I am not, nor ever have been, a medical professional. I am also among the 61% of Americans that do not consider ourselves “pro-life.”
But there was something profoundly unsettling about the walk-out of incoming med school students at University of Michigan’s medical school convocation last week:
Dr. Collier is one of the most popular professors at University of Michigan Medical School. That’s why she was selected, by a combination of students and faculty, to be the keynote speaker for the “white coat” ceremony, in which incoming med school students get their symbolic professional jacket.
Why the walkout? It’s because Dr. Collier also happens to be among the 39% of Americans who define themselves to be “pro-life.” OK. That’s a rational, quite common viewpoint on a complex issue.
Now, she didn’t even speak to abortion at all. Her keynote address was far more general, and inspiring. It was that physicians should do everything possible to keep from being a machine. They should not perceive themselves as “task-completers,” but rather a physician, a human who cares. That they should be grateful. Appreciate a team.
She chose not to delve into abortion as a topic at all. But what if she had? What if she had decided to mention (gasp) her own perspective of a pro-life medical professional? Is that so appalling that it must be shunned? Is there no learning that’s possible by hearing that viewpoint out?
As it happened, dozens of students didn’t hear that message, because they preemptively walked out, before her address. Call me old-fashioned, but I believe that medical care should begin with empathy, and empathy begins with listening. We can, and must, tolerate and listen to perspectives other than our own.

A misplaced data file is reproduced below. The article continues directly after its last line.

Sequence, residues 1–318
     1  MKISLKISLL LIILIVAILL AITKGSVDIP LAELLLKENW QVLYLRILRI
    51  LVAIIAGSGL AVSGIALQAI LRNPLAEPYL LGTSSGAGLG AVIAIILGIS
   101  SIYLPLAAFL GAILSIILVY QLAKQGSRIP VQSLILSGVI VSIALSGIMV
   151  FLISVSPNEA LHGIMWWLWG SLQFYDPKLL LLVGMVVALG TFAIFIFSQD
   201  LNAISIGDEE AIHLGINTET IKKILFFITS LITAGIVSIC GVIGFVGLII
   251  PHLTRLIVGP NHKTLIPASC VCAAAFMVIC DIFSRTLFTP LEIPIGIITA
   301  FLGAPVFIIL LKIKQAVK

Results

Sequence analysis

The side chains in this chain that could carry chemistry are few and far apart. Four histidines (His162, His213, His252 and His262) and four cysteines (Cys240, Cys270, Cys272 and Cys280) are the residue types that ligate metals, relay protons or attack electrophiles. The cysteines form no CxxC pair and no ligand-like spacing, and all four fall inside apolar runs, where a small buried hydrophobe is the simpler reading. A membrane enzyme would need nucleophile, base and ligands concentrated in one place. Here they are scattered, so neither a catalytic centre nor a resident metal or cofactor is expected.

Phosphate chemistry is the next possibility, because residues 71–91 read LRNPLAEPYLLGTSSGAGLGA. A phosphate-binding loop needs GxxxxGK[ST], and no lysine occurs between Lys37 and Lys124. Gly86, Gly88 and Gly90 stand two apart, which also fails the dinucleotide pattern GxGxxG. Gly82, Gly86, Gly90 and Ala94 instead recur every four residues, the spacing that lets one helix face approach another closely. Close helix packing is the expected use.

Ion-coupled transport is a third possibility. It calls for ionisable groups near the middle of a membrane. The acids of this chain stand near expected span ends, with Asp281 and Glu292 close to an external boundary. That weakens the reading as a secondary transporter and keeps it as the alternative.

More than any generation I can remember, far too many young adults that we are raising seem to be interested in hearing out viewpoints other than their own. They even think it’s noble to shut out those views.
39% of Americans — more than one out of every three — declare that they are “pro-life.”
Steve’s a Seattle-based entrepreneur and software leader, husband and father of three. He’s American-Canadian, and east-coast born and raised. Steve has made the Pacific Northwest his home since 1991, when he moved here to work for Microsoft. He’s started and sold multiple Internet companies. Politically independent, he writes on occasion about city politics and national issues, and created voter-candidate matchmaker Alignvote in the 2019 election cycle. He holds a BS in Applied Math (Computer Science) and Business from Carnegie Mellon University, a Masters in Computer Science from Stanford University in Symbolic and Heuristic Computation, and an MBA from the Harvard Business School, where he graduated a George F. Baker Scholar. Steve volunteers when time allows with Habitat for Humanity, University District Food Bank, Technology Access Foundation (TAF) and other organizations in Seattle.